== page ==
Private sector organizations who have already invested heavily in cybersecurity and cybersecurity talent are the companies best equipped to handle the security threats brought on by the fallout to COVID-19 and a fully remote workforce. Companies that weren’t faced with the hard reality before now have no option but to make these investments in the future. In a cruel twist, the companies who made the investment in cybersecurity talent and skill-building before coronavirus are the ones who can afford to make further investments now. Others, including the early work-from-home darling Zoom, have had to quickly pivot to address security and privacy concerns.
Even though it is clear companies are soliciting for open cybersecurity positions just as they have for years, they might not need to for all of their open positions. We were already evolving into a world where virtually every position has some component of technology and cybersecurity. Why not simply train more employees to better manage the areas of cyber risk that impact their respective roles and responsibilities?
You’ve Already Hired Them
While it is great to see open positions (and we certainly advocate that individuals consider a career in cybersecurity), organizations can practice much greater efficiency as they consider the knowledge, skills, and abilities within cybersecurity roles. Counter to common belief, a cybersecurity expert need not originate from a decorated computer science major and hardened penetration tester. Instead, evidence and experience has shown that some of the best cybersecurity profiles start out with the same skills that would lead to success across a myriad of positions: self-motivation, critical thinking, interpersonal communication, and other “soft” skills.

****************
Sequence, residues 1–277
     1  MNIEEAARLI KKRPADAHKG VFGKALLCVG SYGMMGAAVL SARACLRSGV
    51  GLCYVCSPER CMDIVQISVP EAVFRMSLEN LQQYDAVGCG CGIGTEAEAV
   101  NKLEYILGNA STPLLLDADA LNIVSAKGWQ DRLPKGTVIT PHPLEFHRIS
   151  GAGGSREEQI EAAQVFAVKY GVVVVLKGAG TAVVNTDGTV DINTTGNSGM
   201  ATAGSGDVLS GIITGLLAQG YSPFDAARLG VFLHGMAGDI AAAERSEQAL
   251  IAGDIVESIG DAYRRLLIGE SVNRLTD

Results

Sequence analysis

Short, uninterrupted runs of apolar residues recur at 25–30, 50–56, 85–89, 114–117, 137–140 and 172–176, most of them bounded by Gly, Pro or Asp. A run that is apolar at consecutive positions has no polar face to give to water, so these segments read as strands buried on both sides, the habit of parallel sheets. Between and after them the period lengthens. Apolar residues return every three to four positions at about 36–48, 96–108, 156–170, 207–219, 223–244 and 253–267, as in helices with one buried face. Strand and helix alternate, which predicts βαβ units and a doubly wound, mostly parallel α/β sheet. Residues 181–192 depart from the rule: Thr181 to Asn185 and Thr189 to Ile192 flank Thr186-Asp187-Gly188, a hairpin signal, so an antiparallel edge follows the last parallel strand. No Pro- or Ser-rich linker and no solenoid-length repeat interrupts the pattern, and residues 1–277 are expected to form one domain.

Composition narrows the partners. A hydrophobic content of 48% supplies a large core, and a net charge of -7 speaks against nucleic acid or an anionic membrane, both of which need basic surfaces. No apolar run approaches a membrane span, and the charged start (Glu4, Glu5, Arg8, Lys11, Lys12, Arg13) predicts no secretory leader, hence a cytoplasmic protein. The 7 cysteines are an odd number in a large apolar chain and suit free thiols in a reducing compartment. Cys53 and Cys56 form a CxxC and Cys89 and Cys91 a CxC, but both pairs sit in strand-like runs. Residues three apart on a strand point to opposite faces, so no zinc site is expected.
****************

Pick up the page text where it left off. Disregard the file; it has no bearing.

This is particularly important to consider for those organizations who have had to implement hiring freezes and other cost cutting measures but still have to somehow prioritize and refocus on cybersecurity initiatives. One of the most efficient ways for organizations to keep up with shifting personnel profiles is to turn their talent hunt inward and upskill or reskill existing employees. This is an ideal opportunity for these organizations to identify alternative sources of talent that could be reskilled into cybersecurity roles. It’s already a common misconception that successful cybersecurity professionals need to come from purely computer science or engineering backgrounds. In fact, some of the most successful professionals start in adjacent areas or even completely disparate career fields. But depending on the role and its requirements, technical skills can often be taught – especially for the most common entry and mid-level cybersecurity roles. Additionally, employers immediately benefit from an employee’s institutional knowledge of internal business processes and the organization’s goals, reduced onboarding period and the goodwill created when employees feel like employers are invested in their career growth, especially in times of crises like these.
Like other times of economic disruption and dislocation, this is also an opportunity for individuals looking to switch careers or break into the cybersecurity industry. Anyone who enjoys solving puzzles, connecting dots, and learning new things can find ways to excel in a cybersecurity career. This is a great time to do some research on the different types of work within the field, explore IT and cybersecurity related training resources, and spend some time gaining some new skills.
CyberVista, having focused on online workforce development and training since our inception, has been uniquely positioned to offer solutions to meet remote or online requirements. We are keenly aware that many people are unemployed, furloughed, or recently laid off. Likewise, we acknowledge that organizations are making difficult decisions in essential areas like day-to-day operations and may not be prioritizing workforce developments or other investments. In response to these situations and challenges, we are offering enterprises and individuals an opportunity to experience our role-based training solution, Critical Knowledge, at no charge. This opportunity is live and available as long as you start by May 31, 2020.